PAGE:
3 minute read

Friday the Centers for Disease Control (CDC) changed guidelines regarding mask usage by the general public, moving to a model that recommends that Americans voluntarily wear a non-medical cloth mask when in public.

Shifting priorities

Since the very beginning of the outbreak, both the CDC and local health departments have advised mask use only for healthcare workers and individuals who are sick or who are caring for someone with COVID-19 who cannot wear a mask on their own.

One reason behind this advice was that PPE (personal protective equipment) like masks have been in short supply. Hospitals are already running low to the point that one time use masks are being used for a full week or longer.

The other major reason is that a mask used imperfectly is almost the same as no mask at all.

Some studies show that wearing masks along with handwashing can reduce infection rates. But, without handwashing, they have been unable to find a significant reduction in infection rates with mask wearing alone.

Hand washing and social distancing are the best ways to avoid infection and social distancing is the best way to limit spread according to the CDC.

Even with no symptoms

COVID-19 can be passed by people who are not showing symptoms and this may be the reason new guidelines are being considered.

Unlike other pandemics like Ebola where you have to be in close contact with someone who is sick to get infected, COVID-19 can be passed by people who do not even know they are sick.

Since essential businesses like grocery stores must remain open the solution may be for everyone to wear a mask when they are on necessary trips outside of the house.

In a meeting with a group of reporters Monday, KOKH reports that Dr. Drevets, an infectious disease doctor with OU Medical Center, said “the virus can live on surfaces like stainless steel for two days or so. Most people will become infected from person to person spread.”

Social distancing works

While a definitive answer is hard to find, mostly owing to studies having small sample sizes and information specifically about the spread of COVID-19 is still being collected, there are a few things we do know.

We know that social distancing works. Staying at least six feet from others, not leaving the house unless it’s necessary like getting groceries for the week or picking up your prescriptions, are the main ways we can limit spread.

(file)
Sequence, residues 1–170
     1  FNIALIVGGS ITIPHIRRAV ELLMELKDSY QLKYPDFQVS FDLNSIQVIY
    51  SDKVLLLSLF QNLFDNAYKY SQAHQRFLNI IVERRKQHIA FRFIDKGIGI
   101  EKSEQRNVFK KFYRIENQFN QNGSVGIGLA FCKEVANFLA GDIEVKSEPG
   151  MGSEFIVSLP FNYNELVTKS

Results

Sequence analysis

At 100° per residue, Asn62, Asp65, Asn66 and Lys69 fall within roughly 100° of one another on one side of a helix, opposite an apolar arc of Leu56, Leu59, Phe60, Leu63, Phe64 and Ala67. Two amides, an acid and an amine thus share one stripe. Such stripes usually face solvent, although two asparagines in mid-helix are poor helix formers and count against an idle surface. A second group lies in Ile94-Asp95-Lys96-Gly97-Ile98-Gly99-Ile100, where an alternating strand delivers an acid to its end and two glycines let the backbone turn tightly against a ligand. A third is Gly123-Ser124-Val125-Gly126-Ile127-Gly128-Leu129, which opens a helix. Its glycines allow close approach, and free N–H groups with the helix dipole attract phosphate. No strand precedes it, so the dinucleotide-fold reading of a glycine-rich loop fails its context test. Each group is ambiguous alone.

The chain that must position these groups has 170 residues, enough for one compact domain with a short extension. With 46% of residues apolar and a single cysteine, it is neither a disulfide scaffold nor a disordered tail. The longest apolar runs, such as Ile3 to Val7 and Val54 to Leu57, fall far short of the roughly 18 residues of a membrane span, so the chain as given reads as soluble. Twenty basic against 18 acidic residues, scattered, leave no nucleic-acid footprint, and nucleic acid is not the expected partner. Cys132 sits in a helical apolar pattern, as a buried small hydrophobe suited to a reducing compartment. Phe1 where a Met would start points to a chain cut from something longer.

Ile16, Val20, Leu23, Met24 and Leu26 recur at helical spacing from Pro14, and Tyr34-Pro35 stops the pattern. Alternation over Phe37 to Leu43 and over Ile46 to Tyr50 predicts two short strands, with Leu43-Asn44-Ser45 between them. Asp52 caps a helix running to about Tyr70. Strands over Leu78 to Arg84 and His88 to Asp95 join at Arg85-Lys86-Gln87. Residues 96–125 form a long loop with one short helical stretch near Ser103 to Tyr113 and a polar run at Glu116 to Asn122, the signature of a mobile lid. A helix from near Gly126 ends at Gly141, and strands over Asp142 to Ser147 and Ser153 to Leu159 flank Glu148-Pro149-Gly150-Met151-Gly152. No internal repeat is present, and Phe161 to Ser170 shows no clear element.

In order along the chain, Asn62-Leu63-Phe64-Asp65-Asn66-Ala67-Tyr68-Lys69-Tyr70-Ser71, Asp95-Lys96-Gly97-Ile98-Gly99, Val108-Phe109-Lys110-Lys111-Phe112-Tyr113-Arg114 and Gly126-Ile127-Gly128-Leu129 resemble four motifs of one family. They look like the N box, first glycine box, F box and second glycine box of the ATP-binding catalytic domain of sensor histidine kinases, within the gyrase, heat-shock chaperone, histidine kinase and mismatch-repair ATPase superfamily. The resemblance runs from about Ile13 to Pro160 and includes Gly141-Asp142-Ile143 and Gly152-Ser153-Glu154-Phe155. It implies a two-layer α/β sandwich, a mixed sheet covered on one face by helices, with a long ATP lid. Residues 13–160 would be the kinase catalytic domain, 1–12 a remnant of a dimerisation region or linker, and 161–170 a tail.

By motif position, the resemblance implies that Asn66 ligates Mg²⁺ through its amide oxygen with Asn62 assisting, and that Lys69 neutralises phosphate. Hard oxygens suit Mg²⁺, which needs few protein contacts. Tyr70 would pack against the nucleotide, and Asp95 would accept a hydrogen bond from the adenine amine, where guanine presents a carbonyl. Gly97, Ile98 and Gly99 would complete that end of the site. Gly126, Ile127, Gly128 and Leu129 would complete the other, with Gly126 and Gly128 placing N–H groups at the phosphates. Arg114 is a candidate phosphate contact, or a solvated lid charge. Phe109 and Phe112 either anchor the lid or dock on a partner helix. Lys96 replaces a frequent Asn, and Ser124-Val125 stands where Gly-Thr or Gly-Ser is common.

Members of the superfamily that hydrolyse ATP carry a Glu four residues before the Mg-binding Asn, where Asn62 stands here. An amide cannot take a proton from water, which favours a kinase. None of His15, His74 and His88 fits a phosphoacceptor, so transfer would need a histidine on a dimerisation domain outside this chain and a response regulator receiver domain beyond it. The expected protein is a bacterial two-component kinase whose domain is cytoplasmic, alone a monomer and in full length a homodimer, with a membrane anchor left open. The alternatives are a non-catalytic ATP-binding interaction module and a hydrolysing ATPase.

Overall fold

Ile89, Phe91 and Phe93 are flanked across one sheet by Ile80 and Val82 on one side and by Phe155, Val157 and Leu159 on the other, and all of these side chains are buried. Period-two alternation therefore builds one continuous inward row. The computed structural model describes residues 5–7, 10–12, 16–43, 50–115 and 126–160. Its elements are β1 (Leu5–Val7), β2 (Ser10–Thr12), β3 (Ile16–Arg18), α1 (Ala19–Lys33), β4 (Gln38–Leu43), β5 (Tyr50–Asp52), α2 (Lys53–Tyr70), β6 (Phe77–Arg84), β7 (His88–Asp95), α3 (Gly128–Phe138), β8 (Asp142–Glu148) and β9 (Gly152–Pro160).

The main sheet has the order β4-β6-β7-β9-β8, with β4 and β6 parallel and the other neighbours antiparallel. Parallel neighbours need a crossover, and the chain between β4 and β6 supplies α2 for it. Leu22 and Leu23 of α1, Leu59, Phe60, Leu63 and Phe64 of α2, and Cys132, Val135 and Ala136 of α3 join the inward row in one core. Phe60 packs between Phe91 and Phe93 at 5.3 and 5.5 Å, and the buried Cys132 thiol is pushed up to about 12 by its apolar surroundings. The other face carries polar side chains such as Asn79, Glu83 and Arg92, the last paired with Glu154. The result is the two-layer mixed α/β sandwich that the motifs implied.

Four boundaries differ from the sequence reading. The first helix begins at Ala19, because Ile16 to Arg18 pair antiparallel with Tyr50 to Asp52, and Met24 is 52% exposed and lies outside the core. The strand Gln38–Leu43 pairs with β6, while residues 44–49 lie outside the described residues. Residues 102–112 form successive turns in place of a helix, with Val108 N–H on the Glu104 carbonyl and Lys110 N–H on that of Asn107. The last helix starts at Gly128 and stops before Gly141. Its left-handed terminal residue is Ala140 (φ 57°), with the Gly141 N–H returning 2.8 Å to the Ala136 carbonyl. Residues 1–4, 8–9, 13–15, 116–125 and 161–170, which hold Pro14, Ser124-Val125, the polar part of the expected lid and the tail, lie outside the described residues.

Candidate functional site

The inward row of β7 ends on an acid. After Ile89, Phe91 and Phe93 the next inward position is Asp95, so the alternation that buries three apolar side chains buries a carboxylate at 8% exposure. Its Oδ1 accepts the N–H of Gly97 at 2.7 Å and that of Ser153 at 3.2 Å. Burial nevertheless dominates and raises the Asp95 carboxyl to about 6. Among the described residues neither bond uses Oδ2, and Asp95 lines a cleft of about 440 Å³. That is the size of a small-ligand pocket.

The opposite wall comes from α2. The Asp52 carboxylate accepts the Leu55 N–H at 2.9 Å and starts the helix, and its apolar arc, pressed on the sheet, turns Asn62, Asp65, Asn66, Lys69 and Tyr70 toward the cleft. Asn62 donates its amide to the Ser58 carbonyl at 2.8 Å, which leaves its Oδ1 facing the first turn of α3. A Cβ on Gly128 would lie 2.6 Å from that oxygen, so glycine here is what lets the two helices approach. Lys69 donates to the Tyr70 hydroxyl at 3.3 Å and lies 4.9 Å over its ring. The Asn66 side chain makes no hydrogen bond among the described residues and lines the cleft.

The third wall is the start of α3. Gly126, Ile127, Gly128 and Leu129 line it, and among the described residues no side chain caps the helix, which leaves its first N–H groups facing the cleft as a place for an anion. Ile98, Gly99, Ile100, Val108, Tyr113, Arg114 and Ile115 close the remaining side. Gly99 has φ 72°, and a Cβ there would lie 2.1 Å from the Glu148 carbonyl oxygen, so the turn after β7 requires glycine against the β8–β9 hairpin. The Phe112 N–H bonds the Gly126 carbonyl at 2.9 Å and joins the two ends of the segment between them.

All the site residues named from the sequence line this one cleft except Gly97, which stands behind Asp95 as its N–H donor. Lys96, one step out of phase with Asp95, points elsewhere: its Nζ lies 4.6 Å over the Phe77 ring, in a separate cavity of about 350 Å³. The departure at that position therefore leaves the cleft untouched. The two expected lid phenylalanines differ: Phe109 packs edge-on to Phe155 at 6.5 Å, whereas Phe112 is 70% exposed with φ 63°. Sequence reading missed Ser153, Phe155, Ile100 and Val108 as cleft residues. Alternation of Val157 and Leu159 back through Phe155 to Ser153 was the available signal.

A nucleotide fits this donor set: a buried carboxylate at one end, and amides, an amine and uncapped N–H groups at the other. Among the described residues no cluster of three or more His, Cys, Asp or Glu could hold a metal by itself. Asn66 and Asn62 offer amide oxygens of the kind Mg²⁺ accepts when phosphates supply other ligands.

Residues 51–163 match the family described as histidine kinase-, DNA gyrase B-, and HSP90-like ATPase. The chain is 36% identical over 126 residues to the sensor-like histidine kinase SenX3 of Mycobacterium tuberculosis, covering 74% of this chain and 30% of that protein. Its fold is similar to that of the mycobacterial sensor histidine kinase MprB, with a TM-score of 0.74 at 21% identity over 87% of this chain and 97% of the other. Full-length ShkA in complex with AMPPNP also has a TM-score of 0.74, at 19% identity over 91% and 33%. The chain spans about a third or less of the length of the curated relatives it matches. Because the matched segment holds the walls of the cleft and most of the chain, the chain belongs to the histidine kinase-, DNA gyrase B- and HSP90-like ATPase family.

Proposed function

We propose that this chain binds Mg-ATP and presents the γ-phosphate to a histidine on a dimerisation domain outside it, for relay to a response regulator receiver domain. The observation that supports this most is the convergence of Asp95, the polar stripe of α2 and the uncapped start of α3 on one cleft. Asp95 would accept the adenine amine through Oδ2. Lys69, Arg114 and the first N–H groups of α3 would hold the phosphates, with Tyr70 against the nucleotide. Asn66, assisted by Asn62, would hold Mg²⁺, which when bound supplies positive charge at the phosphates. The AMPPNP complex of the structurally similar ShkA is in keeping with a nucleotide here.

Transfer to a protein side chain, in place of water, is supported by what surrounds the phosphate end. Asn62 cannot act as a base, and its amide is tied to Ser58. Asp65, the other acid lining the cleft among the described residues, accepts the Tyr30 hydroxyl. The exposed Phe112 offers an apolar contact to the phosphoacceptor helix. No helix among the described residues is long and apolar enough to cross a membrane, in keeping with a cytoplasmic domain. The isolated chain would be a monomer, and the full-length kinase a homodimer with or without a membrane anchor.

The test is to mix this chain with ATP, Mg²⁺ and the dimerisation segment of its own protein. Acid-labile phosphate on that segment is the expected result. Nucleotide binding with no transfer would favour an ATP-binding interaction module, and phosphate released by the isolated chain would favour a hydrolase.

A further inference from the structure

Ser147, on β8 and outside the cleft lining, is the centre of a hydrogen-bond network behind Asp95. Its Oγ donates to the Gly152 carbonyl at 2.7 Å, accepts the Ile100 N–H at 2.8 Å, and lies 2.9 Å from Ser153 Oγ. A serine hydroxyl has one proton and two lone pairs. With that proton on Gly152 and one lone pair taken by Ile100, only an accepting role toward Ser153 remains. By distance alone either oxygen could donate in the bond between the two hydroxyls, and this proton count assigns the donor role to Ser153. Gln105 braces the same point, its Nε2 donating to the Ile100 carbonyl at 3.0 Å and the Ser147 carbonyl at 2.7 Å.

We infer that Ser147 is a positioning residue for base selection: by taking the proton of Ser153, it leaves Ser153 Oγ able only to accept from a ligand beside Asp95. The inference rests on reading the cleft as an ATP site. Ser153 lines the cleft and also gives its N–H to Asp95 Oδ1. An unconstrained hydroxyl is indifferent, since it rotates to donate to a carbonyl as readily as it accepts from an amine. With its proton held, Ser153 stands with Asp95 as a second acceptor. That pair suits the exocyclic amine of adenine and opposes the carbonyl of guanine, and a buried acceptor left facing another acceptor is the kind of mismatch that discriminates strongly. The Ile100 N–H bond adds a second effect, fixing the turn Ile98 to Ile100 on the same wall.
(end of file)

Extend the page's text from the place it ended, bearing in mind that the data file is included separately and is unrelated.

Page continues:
It is especially important that everyone make these changes, because germs can be spreading COVID-19 before symptoms become apparent to the carrier. And, the virus is very easy to catch.

For example, just one choir practice was enough to infect 45 of 121 choir members and kill two.

Reduce risk

According to World Health Organization (WHO) guidelines, before putting on a mask wash your hands. Make sure the mask fits smoothly against your face with no gaps. Don’t touch the mask or your face again until you after ready to remove the mask, then wash your hands again after doing so. Cloth masks need to be sanitized between uses.

Remember that COVID-19 can be transmitted even when the carrier is not having symptoms, so the best way to protect yourself and your community is to stay home as much as possible, wash hands frequently, and make as few trips as possible and then only for essentials.

At Thursday’s Whitehouse Coronavirus Task Force briefing, Dr. Deborah Birx clarified concerns about the change in recommendations.

“The most important thing is the social distancing and washing your hands,” Birx said. “And we don’t want people to get an artificial sense of protection because they’re behind a mask. Because if they’re touching things — remember your eyes are not in the mask — so if you’re touching things and then touching your eyes you’re exposing yourself in the same way.”

If you do choose to make and wear your own mask, be sure that it fits properly, that you are keeping it clean, and that you stick to your current hand washing and social distancing routines.


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